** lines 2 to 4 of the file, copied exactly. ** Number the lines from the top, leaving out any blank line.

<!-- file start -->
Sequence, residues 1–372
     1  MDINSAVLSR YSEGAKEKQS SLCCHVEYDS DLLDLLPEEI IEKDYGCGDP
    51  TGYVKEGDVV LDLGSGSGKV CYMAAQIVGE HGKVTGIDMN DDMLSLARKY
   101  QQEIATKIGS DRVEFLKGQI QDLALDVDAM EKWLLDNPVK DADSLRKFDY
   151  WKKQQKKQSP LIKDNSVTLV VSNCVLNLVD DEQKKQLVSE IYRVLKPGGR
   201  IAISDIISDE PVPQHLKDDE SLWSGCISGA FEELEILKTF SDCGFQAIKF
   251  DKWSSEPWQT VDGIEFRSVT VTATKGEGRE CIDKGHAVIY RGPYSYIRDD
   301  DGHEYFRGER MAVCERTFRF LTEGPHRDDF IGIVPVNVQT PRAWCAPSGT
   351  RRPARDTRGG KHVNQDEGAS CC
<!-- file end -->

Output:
     1  MDINSAVLSR YSEGAKEKQS SLCCHVEYDS DLLDLLPEEI IEKDYGCGDP
    51  TGYVKEGDVV LDLGSGSGKV CYMAAQIVGE HGKVTGIDMN DDMLSLARKY
   101  QQEIATKIGS DRVEFLKGQI QDLALDVDAM EKWLLDNPVK DADSLRKFDY